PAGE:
The electronic autopilot connected to the wheel and controlled by the computer in the GPS did an excellent job of keeping the 45-footer on course. While taking his turn on watch, Artie really didn’t have much to do other than scan the horizon every fifteen or twenty minutes to look for the lights of ships or other vessels that might be dangerously close. So far there had been none. Artie stood again and checked through a full 360 degrees for any flicker of light over the crests of the dark waves. There was nothing he could discern, especially through the light rain that was falling, further obscuring the night sea and adding to the discomfort he already felt from the spray. Artie would not have believed it possible to feel cold in these tropical latitudes, but being out in the wet and windy night for hours had him shivering. He looked forward to the return of daylight when the sea would seem warmer and much less menacing.
He sat back down on the cockpit seat and pushed buttons on the GPS, zooming the electronic chart out to where he could see the big picture, showing the boat-shaped blip that indicated the schooner’s position in relation to all the other islands of the eastern Caribbean from Trinidad to Puerto Rico. Their destination was a waypoint Larry had selected at a channel marker outside the anchorage at Charlotte Amalie, in St. Thomas. An average speed of around eight knots made their progress to the waypoint seem excruciatingly slow to Artie, who had never traveled any distance at such painstaking speeds, but he took comfort in the fact that at least they were well over halfway through the passage. Staring at the seemingly stationary blip on the chart was somewhat depressing, though, so he huddled back against the bulkhead and pulled the hood of his foul-weather jacket back over his head, unzipping the front so he could get to his Blackberry phone, sealed in a Ziploc bag in one of the inside pockets. Through the plastic, he pushed the buttons to power it up and scroll through the text messages to the last one he had composed to Casey.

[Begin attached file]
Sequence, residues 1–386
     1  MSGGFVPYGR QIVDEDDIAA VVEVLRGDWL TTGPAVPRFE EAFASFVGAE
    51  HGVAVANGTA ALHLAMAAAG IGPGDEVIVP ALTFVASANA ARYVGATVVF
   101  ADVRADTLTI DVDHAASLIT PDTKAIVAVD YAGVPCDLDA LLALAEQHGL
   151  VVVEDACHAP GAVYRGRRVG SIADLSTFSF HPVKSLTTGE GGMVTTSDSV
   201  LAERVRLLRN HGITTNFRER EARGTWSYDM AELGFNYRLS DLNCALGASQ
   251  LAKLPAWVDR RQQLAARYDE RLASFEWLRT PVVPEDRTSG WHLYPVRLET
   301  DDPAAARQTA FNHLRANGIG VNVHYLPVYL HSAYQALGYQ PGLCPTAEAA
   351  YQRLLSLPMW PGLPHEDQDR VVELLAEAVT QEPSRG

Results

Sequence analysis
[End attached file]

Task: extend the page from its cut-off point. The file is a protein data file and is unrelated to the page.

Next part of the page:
He had written dozens of such messages, each time pressing the SEND button when he was done, though he knew there was no point as long as they were this far offshore, well beyond the reach of any cell phone towers. But it gave him something to do when he wasn’t hanging his head over the rail and puking, and it made him feel closer to her even though he knew she wouldn’t get any of his texts until they made landfall and the phone could reconnect to the network.